There can be little doubt that this is Australia’s most famous Honda CBX, it was built by Vaughan Ryan of Motorretro in Sydney and it’s been widely published in print, online, in film, and seen at shows over the past 7+ years.

With its hefty inline-six cylinder engine installed transversely across the bike the Honda CBX is one of the most memorable motorcycles of the 1970s.

When Vaughan bought one in the United States and had it shipped to Australia it was the beginning of a process that would see the bike completely rebuilt into a highly-capable modern cafe racer.

Fast Facts – The Motorretro Honda CBX

  • The Honda CBX was introduced in 1978 and it became one of the most memorable bikes from the era, the result of a technological arms race between Japan’s four largest motorcycle manufacturers.
  • The CBX is powered by an advanced (for the time) inline-six cylinder engine with double overhead cams, four valves per cylinder, six carburetors, a 5-speed transmission and 105 hp at 9,000 rpm.
  • The CBX you see here has been vastly customized, it now features a Ducati 1098R front end, hand-formed alloy body work, adjustable Öhlins shoe absorbers in the rear, a Ducati 999 rear wheel, and a slew of other changes that resulted in it losing over 100 lbs of excess weight.
  • The bike is now for sale for the first time ever, you can click here if you’d like to visit the listing.

Vaughan Ryan + The CBX Cafe Racer

The following interview with Vaughan Ryan was conducted by Andrew Jones, it’s the latest in a series of articles in which we turn over the keyboard to the person who actually did the work and let them tell the story in their own words.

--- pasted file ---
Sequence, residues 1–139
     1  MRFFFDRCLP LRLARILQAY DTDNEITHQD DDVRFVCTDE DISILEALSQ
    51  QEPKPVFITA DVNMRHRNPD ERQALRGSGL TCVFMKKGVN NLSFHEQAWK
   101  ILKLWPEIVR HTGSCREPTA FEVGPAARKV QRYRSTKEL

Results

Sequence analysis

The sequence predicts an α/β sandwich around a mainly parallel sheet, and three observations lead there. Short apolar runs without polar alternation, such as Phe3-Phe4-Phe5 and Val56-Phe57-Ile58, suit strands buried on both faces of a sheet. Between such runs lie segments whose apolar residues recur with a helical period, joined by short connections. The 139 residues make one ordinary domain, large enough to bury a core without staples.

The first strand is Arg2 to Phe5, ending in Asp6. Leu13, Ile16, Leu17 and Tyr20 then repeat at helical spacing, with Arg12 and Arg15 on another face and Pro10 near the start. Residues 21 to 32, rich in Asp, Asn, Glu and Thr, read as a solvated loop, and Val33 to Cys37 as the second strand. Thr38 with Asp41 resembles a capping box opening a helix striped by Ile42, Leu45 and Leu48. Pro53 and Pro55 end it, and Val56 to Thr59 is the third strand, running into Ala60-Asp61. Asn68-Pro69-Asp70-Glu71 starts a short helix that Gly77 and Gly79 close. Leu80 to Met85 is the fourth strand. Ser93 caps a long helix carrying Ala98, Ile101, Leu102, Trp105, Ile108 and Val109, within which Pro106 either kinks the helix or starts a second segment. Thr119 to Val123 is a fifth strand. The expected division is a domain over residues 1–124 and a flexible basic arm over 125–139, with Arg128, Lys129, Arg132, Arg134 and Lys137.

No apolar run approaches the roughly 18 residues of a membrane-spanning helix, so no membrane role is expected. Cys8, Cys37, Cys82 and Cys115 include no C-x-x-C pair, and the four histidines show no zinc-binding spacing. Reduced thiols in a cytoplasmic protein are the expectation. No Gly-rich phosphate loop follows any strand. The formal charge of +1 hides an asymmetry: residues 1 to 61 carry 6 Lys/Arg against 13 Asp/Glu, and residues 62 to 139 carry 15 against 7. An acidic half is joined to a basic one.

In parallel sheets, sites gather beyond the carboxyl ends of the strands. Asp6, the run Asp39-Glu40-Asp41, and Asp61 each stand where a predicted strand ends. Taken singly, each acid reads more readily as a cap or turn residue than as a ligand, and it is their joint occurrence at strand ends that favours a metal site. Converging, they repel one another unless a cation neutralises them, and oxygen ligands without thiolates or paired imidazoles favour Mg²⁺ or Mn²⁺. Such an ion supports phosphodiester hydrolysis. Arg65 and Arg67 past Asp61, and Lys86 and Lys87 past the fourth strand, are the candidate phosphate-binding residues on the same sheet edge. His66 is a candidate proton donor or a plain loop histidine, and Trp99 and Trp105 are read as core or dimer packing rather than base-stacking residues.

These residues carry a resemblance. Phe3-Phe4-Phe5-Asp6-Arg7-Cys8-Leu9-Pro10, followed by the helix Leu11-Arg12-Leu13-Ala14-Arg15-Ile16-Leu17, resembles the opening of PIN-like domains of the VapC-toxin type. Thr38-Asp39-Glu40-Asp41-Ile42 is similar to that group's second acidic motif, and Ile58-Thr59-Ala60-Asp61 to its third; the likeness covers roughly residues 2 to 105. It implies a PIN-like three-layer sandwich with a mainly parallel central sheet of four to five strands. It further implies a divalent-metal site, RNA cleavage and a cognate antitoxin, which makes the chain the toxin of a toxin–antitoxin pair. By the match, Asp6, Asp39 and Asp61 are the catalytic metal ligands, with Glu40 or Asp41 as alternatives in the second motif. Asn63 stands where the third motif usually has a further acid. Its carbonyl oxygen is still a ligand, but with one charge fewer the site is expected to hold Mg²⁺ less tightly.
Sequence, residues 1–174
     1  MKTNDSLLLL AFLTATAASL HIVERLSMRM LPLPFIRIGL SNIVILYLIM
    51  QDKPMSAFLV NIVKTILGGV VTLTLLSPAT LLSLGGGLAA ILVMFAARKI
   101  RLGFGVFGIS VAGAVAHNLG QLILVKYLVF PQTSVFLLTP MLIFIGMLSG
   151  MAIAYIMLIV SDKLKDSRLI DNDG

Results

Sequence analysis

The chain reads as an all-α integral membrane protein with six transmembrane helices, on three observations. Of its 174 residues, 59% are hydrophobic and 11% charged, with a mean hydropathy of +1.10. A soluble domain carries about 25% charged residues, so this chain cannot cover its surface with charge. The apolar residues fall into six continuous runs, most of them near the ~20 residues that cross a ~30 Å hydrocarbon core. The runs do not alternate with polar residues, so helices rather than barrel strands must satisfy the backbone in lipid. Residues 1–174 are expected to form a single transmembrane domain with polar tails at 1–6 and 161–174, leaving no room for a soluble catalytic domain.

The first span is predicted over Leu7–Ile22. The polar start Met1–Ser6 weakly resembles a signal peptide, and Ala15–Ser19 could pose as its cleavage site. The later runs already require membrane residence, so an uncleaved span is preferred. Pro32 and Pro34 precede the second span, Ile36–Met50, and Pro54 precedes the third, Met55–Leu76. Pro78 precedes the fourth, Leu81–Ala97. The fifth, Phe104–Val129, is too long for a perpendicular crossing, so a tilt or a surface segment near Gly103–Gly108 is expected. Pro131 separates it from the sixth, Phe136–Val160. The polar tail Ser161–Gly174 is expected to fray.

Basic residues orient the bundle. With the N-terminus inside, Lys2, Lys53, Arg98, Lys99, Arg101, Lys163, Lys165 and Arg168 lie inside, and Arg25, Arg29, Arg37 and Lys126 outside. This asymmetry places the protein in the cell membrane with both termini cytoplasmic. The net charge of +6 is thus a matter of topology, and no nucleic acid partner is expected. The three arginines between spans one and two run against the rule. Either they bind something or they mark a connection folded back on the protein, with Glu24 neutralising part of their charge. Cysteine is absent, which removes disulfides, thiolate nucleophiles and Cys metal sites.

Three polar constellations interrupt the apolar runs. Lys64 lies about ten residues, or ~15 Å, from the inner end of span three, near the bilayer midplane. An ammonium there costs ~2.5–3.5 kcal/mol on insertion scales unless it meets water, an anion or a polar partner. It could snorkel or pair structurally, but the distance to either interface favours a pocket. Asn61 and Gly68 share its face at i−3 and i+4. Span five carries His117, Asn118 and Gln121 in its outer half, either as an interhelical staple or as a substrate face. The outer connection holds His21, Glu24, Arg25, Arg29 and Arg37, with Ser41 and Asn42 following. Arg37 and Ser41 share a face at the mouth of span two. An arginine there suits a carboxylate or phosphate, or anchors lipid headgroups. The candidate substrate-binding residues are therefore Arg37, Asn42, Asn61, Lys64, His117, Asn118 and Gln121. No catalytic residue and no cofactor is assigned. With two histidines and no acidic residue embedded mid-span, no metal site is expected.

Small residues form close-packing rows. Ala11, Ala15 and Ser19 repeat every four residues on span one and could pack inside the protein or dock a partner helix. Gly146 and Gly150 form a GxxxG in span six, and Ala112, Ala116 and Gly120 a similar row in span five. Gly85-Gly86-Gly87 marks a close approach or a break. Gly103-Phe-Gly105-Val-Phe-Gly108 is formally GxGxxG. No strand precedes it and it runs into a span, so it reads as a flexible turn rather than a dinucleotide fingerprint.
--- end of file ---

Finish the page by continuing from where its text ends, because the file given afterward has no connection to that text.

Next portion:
Honda CBX Cafe Racer 17 Vaughan Ryan

Image DescriptionVaughan is the co-founder (alongside Georgio Rimi) of Motorretro in Sydney, a workshop that has become the home of classic automotive coachbuilding in the region.

Tell Us About Yourself And The Team?

G’day my name is Vaughan Ryan and I’m 1 of 2 owners of Motorretro in Sydney. Primarily there was 3 of us involved in the build: Georgio Rimi (my business partner and co-fabricator, machinist, and chief shit-stirrer), and the talented Mr Julian Lopez mechanic and electrical whiz. 

Tell Us About Your Company?

Motorretro was founded around the same time we built this bike. Our business is multifaceted eg. we specialize in repairs, restorations, and restomods of collectible classic cars. We manufacture our own cast iron wheeling machines and other industry related tools, including reverse engineering or prototyping of parts no longer available.

Both Georgio and I have teaching qualifications and vocational skills training as teachers. We love seeing students achieve their goals of building or restoring, we never struggle to turn up for work because everyday is different and challenging on many levels.

Honda CBX Cafe Racer 7

Image DescriptionThe fuel tank, rear cowl, and headlight cowl were all shaped from alloy by hand for this bike by Vaughan.

What Year/Make/Model Is This Motorcycle?

The bike was originally a 1978 Honda CBX 1000, a big heavy 70’s muscle bike in need of a diet and restyling.